World’s Largest Beach Clean-Up Transforms Mumbai Beach

Mumbai, the most populous city in India, has its beaches covered in filth with piles of trash and sewage contamination making them unsafe and nearly inaccessible for visitors in recent years. Some are more polluted than others. In a study of nine Mumbai beaches between November 2015 and May 2016, Juhu, Versova and Aksa were in the worst shape. Nearly two years ago, residents of Versova decided to take matters into their own hands, inspired by Mumbai-based lawyer and environmentalist Afroze Shah.

In October 2015, when Shah moved to his new apartment near Versova beach, he noticed mounts of plastic waste on the beach, reaching 5.5 feet (1.67 meters) high! He and his 84-year-old neighbour, Harbansh Mathur, began to clean up the trash. Watching their efforts, dozens of locals joined in as volunteers and about 50,000 kilograms of waste was removed during the first clean-up on the 2.5-kilometre shore. He launched a weekly clean-up drive inviting more volunteers.

By December 2015, the local authorities stepped in to provide tools such as garbage trucks and excavator machines for the volunteers and the drive transformed into a movement for the next six months. The volunteer participation grew to 300 persons joining in per week from all walks of life. Soon, the Versova Resident Volunteers (VRV) group was formed and they updated their progress regularly on Facebook. Shah and his team of volunteers visited the beach every Saturday and Sunday and collected garbage. It was transported by the waste management department of the civic body BMC to segregation centres.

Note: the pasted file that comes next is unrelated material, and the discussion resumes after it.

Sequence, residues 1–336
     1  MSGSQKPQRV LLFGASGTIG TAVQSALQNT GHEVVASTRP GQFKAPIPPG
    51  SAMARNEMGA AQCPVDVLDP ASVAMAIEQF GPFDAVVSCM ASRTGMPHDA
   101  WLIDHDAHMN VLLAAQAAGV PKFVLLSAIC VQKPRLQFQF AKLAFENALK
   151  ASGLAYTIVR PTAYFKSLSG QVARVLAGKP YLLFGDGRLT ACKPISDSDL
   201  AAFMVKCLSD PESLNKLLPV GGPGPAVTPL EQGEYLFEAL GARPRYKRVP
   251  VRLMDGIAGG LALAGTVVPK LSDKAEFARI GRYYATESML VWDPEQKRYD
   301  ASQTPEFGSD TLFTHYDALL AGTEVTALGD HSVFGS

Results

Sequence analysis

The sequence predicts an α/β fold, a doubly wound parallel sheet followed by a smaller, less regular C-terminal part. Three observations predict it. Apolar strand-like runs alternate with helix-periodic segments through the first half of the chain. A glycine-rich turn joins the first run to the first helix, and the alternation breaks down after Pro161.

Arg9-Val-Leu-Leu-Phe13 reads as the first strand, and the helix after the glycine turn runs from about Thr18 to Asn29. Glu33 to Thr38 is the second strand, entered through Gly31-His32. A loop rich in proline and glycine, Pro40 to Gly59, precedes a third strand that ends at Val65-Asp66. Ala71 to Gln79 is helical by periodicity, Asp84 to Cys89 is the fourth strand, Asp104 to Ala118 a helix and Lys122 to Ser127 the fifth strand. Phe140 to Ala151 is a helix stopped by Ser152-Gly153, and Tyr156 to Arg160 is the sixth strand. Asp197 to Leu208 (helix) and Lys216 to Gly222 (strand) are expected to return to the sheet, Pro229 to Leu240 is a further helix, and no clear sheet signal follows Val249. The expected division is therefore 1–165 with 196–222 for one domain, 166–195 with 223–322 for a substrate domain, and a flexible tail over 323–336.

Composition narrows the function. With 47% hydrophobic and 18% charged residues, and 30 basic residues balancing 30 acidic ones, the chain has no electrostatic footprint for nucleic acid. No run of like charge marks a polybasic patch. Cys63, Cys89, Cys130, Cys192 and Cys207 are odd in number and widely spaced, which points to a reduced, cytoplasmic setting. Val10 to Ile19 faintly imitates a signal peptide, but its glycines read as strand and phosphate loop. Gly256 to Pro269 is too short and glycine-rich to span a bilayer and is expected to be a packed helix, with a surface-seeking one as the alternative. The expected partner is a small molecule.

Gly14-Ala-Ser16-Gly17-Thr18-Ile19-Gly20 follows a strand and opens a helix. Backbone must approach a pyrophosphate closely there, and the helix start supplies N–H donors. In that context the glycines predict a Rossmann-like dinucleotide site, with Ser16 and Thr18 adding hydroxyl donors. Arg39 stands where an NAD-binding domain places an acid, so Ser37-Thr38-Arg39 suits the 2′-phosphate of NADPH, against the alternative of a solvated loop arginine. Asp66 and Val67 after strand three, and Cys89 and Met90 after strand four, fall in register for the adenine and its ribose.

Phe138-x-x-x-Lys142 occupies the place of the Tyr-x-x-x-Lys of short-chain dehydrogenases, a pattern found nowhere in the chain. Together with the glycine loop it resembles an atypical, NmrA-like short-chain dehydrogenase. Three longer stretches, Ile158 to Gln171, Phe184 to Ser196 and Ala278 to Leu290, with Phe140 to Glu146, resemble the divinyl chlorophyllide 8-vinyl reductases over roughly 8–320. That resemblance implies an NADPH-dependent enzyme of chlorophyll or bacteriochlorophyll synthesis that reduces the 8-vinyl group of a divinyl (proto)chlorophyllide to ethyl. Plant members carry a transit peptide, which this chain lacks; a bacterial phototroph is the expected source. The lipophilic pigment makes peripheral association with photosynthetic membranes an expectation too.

In July 2016, VRV’s efforts were recognized internationally by the United Nations Environment Programme (UNEP) who named it the “world’s largest beach clean-up in history”. By January’17, the group moved on to cleaning 52 toilets near the beach to stop sewage from ending up in the sea. By March 2017, VRV had cleared five million kilograms (5,000 metric tons) of trash from the Versova beach alone. The UNEP recognized Shah’s achievement by making him a Champion of the Earth, the United Nations’ highest environmental award.

India struggles with the narrow mindset of its people who litter and seem frighteningly comfortable living in filth. Mumbai’s Versova beach stands out as an exception and tells the tale of one passionate citizen, backed by an environmentally conscious community. A seemingly Herculean task was not only made possible but also resulted in a “historic moment” and “fantastic news for Mumbai” as the city witnessed turtles hatching on a beach that just three years ago was under thousands of tons of plastic litter.

Hatch-lings from a vulnerable turtle species were spotted for the first time in decades. At least 80 Olive Ridley turtles made their way into the Arabian Sea from nests on the southern end of Versova beach in the last week of March 2018, protected from wild dogs and birds of prey by volunteers who slept overnight in the sand to watch over them. The Olive Ridley species, thought to be named for the olive-green hue of its upper shell, is the smallest and most abundant sea turtle in the ocean, but is still classified as vulnerable by the International Union for Conservation of Nature.

According to UNEP, 13 million tons of plastic waste end up in the world’s oceans every year and the world needs to act now. Many more steps are needed to reduce plastic wastes and make waste disposal more efficient.

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